The woman standing before us held her hand out to the chair in front of the room. We had gathered to listen to a presentation by Masimanyane, a woman’s support network centered on ending violence against women and girls. Instead, we listened to this woman as she explained that Masimanyane had decided not to attend, on the premise that they wished to stand in solidarity with the many women who would not be able to participate in the 61st Commission on the Status of Women due to the United States’ recently implemented travel ban. Following her explanation, she read from Masimanyane’s official statement on its rationale for choosing not to attend:

“We have serious concerns about the far-reaching impact of the recent spate of executive orders which serve to exclude, demonize and criminalize specific communities in the United States of America (USA) and some communities globally, jeopardizing the lives and livelihoods of women. Further impact of the executive orders is the denial of the right of women of member states to participate in this global forum. We took this decision to express solidarity with, in particular, the women of Libya, Sudan and Somalia, as well as our sisters in Syria, Iran and Yemen.”

As opposed to the originally planned presentation and panel, those present were encouraged to stay for a round-table discussion on the relationship between global populism and the status of women.

Our discussion was centered on the emergence of far-right political figures and parties across the world. There was a focused and dynamic energy to our dialogue, and it was clear that each woman in the room desired space for their input and concerns. Each woman’s voice was textured by its own unique intent; while some of us wanted to provide our insights on opposing the spread of divisive ideologies, others took the time to gently emote over the lives that have already been impacted by the new United States President’s first large string of executive orders.

Here’s the thing, we are here as delegates on behalf of the PC(USA) denomination. It is our faith that has driven twelve young women to attend the CSW. We come from different walks of life, yet the majority of us are attending seminary. For me, it was seminary that taught me what the imago Dei truly looked like. Genesis 1:27 affirms the personhood of every human being. The text reads, “God created humankind in God’s image, in the image of God they were created; male and female Got created them.” This text is the theology that guides my politics. When executive orders dehumanize our brothers, our sisters, our neighbors, our faith body must stand up and affirm the imago Dei of all humanity.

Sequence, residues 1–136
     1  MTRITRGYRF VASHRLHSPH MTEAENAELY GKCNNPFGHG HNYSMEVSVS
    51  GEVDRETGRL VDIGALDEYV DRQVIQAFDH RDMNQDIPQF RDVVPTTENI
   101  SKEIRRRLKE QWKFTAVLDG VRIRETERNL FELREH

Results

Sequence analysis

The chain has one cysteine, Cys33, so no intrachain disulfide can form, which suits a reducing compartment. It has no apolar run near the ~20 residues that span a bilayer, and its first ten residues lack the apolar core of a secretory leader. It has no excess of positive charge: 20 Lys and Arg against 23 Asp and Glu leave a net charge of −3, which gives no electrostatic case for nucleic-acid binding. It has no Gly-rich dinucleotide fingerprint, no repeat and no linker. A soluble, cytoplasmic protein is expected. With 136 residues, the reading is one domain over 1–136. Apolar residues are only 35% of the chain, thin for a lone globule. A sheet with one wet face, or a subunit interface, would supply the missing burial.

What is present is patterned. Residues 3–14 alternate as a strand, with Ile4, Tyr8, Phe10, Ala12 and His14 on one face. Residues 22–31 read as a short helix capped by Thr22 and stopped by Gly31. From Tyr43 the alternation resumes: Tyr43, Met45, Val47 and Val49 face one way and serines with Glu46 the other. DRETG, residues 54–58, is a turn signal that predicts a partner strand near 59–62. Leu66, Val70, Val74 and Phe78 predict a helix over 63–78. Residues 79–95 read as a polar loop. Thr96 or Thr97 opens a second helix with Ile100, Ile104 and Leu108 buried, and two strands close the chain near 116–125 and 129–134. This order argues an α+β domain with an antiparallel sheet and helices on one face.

Our refugees need their hosts countries to affirm their humanity and value. Our refugees need our churches to stand in solidarity and fight for their rights. Our panel began with a sweep of hand gesturing towards an empty chair. “This empty chair represents the many women who could not be with us at this year’s Commission on the Status of Women. It represents all of the voices that will not be heard at the United Nations this year.” This year, we are missing out. Women have been left behind and it is our loss. While the panel began with this image, we have continued to name the absence of those who could not attend this year. For those of us who are representatives on the ecumenical end, this empty charge became our charge and benediction to welcome, fight for, and love our global sisters

Written by Shannon Schmidt and Leslie Cox of the Young Women’s  PC(USA) Delegation to the Commission of the Status of Women